I have a problem with my MacBook Pro 2010 13 inch, 2.4 GHz. Originally I had Snow Leopard installed on my Mac, then I was trying to upgrade it to Lion (official version from App Store).

During the installation, an error occurred and I got a kernel panic. But that's not exactly the problem. I found out that the laptop had had a firmware password set by somebody (not me).

None of the boot modifier keys (except option) appear to work. When I press option, it asks me for a password. Some people told me to switch the RAM slots or take one out and then turn on the computer holding ++P+R. That didn't work either. Still see the password prompt.

Any ideas how to reset it?

  • You should explain what is currently working. Can you still boot on Snow Leopard OS? – Pierre Watelet Dec 22 '11 at 9:14
  • No.nothing is working. the only thing I can do is to turn the computer on and then there's a grey screen with kernel panic message. installation CD is not seen, i suggest because of that firmware password – Alice Fatfox Dec 22 '11 at 10:03
  • Try running AHT (Apple Hardware Test) by holding "D" while booting. btw, have you upgraded/changed the ram? – mspasov Dec 22 '11 at 11:25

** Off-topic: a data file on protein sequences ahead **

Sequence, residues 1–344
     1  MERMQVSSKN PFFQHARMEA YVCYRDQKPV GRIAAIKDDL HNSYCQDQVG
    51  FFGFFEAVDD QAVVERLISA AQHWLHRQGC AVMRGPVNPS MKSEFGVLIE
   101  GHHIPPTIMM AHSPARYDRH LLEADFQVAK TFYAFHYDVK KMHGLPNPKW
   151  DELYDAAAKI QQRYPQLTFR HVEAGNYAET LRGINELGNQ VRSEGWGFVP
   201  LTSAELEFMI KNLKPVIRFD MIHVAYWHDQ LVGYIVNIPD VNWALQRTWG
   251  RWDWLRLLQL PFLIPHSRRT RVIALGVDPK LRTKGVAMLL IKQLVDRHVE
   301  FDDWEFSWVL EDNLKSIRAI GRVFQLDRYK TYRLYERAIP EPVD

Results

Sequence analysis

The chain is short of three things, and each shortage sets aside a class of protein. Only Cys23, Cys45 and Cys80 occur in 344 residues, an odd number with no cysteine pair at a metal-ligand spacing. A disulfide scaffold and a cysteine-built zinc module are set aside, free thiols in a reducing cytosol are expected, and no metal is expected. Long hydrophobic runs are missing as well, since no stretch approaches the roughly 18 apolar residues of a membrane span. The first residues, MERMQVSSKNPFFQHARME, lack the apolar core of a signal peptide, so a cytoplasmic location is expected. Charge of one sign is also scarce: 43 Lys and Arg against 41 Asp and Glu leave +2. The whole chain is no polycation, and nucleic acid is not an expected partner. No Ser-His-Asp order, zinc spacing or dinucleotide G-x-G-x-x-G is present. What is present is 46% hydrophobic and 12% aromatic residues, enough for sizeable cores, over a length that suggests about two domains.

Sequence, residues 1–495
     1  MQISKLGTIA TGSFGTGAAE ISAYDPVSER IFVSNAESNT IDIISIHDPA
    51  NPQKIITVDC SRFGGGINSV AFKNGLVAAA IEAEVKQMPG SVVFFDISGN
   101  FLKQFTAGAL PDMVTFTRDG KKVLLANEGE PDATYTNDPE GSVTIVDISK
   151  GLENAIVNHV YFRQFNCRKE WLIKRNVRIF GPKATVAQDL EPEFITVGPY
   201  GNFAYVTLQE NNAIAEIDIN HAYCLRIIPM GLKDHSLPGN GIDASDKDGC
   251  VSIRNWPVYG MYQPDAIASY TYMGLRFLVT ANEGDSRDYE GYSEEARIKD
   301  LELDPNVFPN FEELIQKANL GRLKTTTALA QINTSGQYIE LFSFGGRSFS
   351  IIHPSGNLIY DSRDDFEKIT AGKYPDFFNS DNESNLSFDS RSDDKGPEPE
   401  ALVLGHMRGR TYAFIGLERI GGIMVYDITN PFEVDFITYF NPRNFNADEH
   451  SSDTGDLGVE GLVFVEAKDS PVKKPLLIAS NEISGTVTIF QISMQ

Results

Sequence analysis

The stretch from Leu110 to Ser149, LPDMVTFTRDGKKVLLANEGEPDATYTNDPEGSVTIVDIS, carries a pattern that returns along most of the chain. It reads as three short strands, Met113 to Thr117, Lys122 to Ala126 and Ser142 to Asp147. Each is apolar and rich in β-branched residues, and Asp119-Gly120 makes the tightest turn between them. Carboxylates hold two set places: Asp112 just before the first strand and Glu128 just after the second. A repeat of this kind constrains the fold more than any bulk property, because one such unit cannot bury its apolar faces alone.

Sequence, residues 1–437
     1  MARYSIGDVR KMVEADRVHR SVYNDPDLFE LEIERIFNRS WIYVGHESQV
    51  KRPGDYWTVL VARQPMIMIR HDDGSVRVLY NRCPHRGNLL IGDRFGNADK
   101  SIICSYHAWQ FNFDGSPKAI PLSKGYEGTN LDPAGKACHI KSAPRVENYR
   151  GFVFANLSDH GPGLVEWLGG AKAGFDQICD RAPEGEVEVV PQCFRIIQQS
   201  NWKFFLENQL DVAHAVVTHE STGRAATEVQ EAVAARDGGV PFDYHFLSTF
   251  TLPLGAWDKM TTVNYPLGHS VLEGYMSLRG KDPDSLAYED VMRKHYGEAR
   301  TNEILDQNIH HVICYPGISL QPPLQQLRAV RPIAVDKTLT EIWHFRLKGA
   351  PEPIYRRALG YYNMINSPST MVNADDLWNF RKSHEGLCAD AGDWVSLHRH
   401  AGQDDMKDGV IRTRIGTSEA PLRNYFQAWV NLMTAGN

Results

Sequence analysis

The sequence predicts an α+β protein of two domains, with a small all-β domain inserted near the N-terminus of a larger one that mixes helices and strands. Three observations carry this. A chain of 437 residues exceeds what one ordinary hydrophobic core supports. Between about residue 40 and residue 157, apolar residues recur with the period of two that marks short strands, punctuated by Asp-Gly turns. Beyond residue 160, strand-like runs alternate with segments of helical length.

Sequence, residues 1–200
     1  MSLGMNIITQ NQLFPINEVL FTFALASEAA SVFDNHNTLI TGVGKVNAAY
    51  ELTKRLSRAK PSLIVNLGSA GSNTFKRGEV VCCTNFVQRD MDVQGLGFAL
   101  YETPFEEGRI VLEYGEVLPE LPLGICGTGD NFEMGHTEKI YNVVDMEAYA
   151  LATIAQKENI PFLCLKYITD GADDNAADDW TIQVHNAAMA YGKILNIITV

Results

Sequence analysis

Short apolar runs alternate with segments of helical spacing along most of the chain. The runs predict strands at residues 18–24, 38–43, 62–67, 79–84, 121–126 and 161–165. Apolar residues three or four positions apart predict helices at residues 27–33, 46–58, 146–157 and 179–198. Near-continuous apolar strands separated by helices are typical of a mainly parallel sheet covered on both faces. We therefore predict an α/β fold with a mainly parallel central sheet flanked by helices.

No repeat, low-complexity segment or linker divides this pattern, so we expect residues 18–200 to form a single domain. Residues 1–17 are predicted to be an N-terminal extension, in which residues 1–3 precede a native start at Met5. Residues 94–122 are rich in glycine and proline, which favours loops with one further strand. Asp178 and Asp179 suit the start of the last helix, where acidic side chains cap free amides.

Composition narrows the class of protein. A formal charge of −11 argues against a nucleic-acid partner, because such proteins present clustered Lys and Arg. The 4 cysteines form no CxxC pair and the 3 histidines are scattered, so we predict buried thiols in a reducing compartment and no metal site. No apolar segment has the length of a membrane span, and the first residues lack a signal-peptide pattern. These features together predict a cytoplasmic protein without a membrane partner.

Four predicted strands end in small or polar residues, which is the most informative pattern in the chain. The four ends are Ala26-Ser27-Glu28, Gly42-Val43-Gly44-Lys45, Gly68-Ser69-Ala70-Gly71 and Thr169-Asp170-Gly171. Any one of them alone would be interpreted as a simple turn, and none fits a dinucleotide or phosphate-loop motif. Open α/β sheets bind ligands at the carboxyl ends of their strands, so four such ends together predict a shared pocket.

• Alice: May I ask who set the firmware password in the first place? @mspasov the AHT resides in /System/LibraryCoreServices/.diagnostics , so re-installing Mac OS probably deleted it. – Asmus Dec 23 '11 at 13:35
  • I think that Alice has also lost her internet connection 2 hours later... – Pierre Watelet Jan 10 '12 at 13:27

Not sure if this is too late of an answer. I know you've already attempted to disable the password, but try these steps exactly:

You can remove the firmware password by changing the RAM configuration, booting up to the startup menu, shutting down and changing it back. Basically, if you have two 1GB chips of RAM in there now, you can remove one of the chips, start up holding alt/option, shut down and put the other chip back in. This will remove the firmware password.

Now, you can follow these instructions for doing the erase and install.

Good luck!


Matt's answer should apply to a 2010 MacBook Pro but it won't work for newer machines.

MacBook Air (Late 2010) and later, MacBook Pro (Early 2011) and later, iMac (Mid 2011) and later, Mac mini (Mid 2011): Recovering a lost firmware password

Only Apple retail stores or Apple Authorized Service Providers can unlock these computers protected by a firmware password.

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